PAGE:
At 02:56 UTC on July 21, 1969
04:56 CET DST, 23:56 EST DST (still July 20 in USA)
Forty-five years ago, at the magic moment when Neil Armstrong first planted his left foot in Lunar dust, I was but a wee little lad in diapers, just one week shy of three months old. I think it’s safe to say that I took little heed of this magnificent event, as I was busy making my own discoveries on a much smaller scale, yet they seemed unbelievably grand from my point of view. I have however not escaped being repeatedly reminded that I am just barely older than our first landfall on another world. It may well be this, at least in part, which sparked my early and lifelong interest in space, in science fiction, and in actual science.
In my opinion, we need to both return to the Moon, and cultivate a space program that is both alive and growing. We then need to go forth to Mars, make scientific excursions to the asteroid belt and build exploration bases on the moons of the outer planets, in the same spirit as the historical race to reach the north and south poles of the Earth, and eventually establish settlements on planets orbiting other stars. The Earth is a small and fragile place; to ensure the survival of humanity and Earth life, against the threat of asteroid impacts, solar eruptions, nuclear war, runaway global warming or other natural disasters, it would only make sense to not carry all our eggs in just one basket.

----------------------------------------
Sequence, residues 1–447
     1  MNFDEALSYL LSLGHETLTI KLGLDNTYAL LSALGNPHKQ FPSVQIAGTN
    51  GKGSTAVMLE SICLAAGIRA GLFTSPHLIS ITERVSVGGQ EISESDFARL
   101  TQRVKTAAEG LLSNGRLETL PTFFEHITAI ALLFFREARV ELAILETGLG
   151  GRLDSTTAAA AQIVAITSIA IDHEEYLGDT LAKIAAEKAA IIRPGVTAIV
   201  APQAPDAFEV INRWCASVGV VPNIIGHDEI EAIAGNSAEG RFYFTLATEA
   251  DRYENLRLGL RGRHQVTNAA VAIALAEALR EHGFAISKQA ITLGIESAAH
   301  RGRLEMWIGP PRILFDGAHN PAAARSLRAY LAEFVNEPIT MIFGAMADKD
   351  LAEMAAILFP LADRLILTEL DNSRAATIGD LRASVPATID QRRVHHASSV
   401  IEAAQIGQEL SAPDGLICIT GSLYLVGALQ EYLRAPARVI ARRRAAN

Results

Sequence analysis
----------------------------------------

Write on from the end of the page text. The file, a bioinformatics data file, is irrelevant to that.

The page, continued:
The counter-argument is that it is bad for business, that it is too expensive, though the budgets for space exploration stand for a minuscule fraction compared to military budgets. This would be not so much an investment in business, as in our continued existence, and the bottom line for the investors is that without human existence you cannot have business! We have to think and plan much more than the usual four years ahead, but rather on the interplanetary and interstellar scales of decades, centuries and millennia. Or else, some day we’ll be one with the dinosaurs.
Posted barely five hours before the 45 year mark since a human foot touched moon-dust for the first time.